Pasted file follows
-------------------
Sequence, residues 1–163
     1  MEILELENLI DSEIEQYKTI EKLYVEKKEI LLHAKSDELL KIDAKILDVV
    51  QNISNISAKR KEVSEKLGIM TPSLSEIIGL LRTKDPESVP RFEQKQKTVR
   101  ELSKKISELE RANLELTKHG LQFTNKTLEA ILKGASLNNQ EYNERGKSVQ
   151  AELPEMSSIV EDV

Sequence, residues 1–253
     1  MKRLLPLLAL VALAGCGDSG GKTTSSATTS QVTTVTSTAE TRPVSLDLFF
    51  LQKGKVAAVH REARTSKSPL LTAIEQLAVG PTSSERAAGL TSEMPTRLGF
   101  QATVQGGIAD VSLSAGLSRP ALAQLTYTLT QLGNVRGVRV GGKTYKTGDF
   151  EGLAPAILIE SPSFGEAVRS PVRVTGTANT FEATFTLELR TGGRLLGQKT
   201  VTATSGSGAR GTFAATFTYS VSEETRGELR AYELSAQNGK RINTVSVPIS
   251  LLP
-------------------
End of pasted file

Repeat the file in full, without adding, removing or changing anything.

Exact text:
Sequence, residues 1–163
     1  MEILELENLI DSEIEQYKTI EKLYVEKKEI LLHAKSDELL KIDAKILDVV
    51  QNISNISAKR KEVSEKLGIM TPSLSEIIGL LRTKDPESVP RFEQKQKTVR
   101  ELSKKISELE RANLELTKHG LQFTNKTLEA ILKGASLNNQ EYNERGKSVQ
   151  AELPEMSSIV EDV

Sequence, residues 1–253
     1  MKRLLPLLAL VALAGCGDSG GKTTSSATTS QVTTVTSTAE TRPVSLDLFF
    51  LQKGKVAAVH REARTSKSPL LTAIEQLAVG PTSSERAAGL TSEMPTRLGF
   101  QATVQGGIAD VSLSAGLSRP ALAQLTYTLT QLGNVRGVRV GGKTYKTGDF
   151  EGLAPAILIE SPSFGEAVRS PVRVTGTANT FEATFTLELR TGGRLLGQKT
   201  VTATSGSGAR GTFAATFTYS VSEETRGELR AYELSAQNGK RINTVSVPIS
   251  LLP